When doing business in Japan, bring an adventurous palateNovember 29, 2012 6:00 AM
by Joan Tupponce
Mark Flanagan wasn’t an adventurous eater until he began traveling to Kanazawa, Japan, on business. Now he eats everything from sea urchin to jellyfish. “You have to be open-minded and try all the foods and drink the drinks,” he says, noting that it’s a good business practice in Japan to sample various delicacies.
As president of Shibuya Hoppmann Corp. in Elkwood, Flanagan travels to Kanazawa up to four times a year to meet with parent company Shibuya Kogyo. Shibuya Hoppmann has been a wholly owned subsidiary of the Japanese manufacturer since 2005. “We knew Shibuya,” Flanagan says. “They were a distributor of our products in Asia.”
Hoppmann Corp. was founded in 1955 by Kurt Hoppmann, a German scientist who came to the U.S. as part of Project Paperclip, which recruited German scientists to America after World War II. “He was originally doing fabrication and shop work for the government, making machine parts,” Flanagan says.
Eventually, the business was divided between two divisions: automation, which made coin-counting machines that used centrifugal force to sort coins, and audio-visual. That division included products such as video conference facilities for the commercial sector and military command centers. The company sold the audio-visual division in the early 1990s.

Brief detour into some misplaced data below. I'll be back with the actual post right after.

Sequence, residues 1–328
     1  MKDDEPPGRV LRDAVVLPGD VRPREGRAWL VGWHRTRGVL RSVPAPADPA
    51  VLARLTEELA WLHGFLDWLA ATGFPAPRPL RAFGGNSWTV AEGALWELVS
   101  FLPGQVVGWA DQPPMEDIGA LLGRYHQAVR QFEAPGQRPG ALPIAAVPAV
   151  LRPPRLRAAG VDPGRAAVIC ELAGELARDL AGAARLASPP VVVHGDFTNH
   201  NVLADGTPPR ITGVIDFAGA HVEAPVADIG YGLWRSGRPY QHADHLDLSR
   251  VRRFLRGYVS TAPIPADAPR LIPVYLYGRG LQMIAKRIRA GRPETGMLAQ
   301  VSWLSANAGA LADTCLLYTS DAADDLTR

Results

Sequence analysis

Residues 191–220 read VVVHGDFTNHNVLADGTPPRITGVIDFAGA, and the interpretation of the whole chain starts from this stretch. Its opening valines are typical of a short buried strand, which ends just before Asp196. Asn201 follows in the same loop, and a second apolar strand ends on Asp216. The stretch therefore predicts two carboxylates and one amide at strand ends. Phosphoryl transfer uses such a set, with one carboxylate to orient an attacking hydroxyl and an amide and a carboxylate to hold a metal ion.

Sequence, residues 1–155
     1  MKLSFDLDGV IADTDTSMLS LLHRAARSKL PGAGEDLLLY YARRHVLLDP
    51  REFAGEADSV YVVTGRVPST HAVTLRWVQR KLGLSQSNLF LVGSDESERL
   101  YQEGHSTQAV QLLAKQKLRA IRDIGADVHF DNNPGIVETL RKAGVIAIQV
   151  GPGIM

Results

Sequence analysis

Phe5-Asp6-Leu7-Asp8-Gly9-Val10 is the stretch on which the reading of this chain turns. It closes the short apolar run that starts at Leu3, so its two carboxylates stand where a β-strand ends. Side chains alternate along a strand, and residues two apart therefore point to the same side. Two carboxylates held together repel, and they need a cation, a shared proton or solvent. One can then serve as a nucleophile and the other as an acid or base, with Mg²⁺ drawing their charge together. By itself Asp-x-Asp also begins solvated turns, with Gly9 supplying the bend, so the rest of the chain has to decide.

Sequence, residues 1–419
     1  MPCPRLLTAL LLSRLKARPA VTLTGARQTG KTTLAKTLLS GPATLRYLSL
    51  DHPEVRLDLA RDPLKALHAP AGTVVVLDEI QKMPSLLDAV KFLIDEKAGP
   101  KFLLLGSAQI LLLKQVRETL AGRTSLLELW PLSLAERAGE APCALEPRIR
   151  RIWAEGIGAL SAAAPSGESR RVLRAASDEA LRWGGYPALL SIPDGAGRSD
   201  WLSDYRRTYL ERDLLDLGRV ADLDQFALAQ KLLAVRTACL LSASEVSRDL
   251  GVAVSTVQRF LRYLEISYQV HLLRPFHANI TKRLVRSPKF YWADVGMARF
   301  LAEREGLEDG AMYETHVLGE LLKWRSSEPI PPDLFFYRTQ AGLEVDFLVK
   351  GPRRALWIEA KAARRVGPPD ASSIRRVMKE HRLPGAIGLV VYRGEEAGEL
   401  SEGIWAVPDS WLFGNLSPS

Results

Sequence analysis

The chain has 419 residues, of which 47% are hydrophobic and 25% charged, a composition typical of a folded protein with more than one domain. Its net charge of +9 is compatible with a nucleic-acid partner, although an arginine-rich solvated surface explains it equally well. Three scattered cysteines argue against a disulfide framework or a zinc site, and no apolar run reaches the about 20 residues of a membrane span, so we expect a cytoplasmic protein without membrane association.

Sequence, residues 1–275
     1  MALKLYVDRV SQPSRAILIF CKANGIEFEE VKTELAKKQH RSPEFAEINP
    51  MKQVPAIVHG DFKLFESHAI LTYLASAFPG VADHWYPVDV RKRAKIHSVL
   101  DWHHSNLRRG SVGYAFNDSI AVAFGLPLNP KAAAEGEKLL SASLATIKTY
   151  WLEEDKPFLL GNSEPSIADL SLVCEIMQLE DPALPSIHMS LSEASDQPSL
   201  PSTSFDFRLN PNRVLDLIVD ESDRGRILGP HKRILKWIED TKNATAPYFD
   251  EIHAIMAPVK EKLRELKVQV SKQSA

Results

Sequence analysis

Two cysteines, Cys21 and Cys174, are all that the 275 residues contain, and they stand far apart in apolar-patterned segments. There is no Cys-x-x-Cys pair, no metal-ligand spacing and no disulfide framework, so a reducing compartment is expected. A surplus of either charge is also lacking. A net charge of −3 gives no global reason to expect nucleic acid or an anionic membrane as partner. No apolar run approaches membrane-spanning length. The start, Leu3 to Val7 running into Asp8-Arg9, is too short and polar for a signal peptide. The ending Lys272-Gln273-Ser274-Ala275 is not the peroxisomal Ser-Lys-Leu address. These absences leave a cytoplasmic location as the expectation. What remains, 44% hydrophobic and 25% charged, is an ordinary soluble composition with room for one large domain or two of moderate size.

In 1992, Hoppmann Corp. established Hoppmann International, a separate company in Europe with manufacturing plants and sales operations in Germany and the Netherlands. By the mid-1990s Hoppmann Corp.’s revenues stood at about $36 million. “At the company’s height around 1997, revenues were $37 million,” says Flanagan, who joined the firm in 1989. “By 1998, we had 250 employees.”
Hoppmann successfully adapted the centrifugal concept to the production of consumer products. Originally, the process was used to count and roll coins. Then Hoppmann adapted it to take parts of a product, count them and organize them for the next process. “We make machines that make our customer’s products,” Flanagan explains. “We make the machine that will take the cap, barrel and screw in a lip balm container and put it together.”
Today the company makes a variety of products that include centrifugal parts and feeders, continuous motion assembly and placement systems, robotic decontamination units and high-speed aseptic filling machines. Customers include Fortune 500 businesses in the personal care, household, pharmaceutical, and food and beverage industries.
The company has the first high-speed aseptic filling machine in the U.S. “No bacteria are introduced into the manufacturing environment so [the product being made] doesn’t spoil. It is packaged in a manner that minimizes refrigeration,” Flanagan says of the aseptic filling process.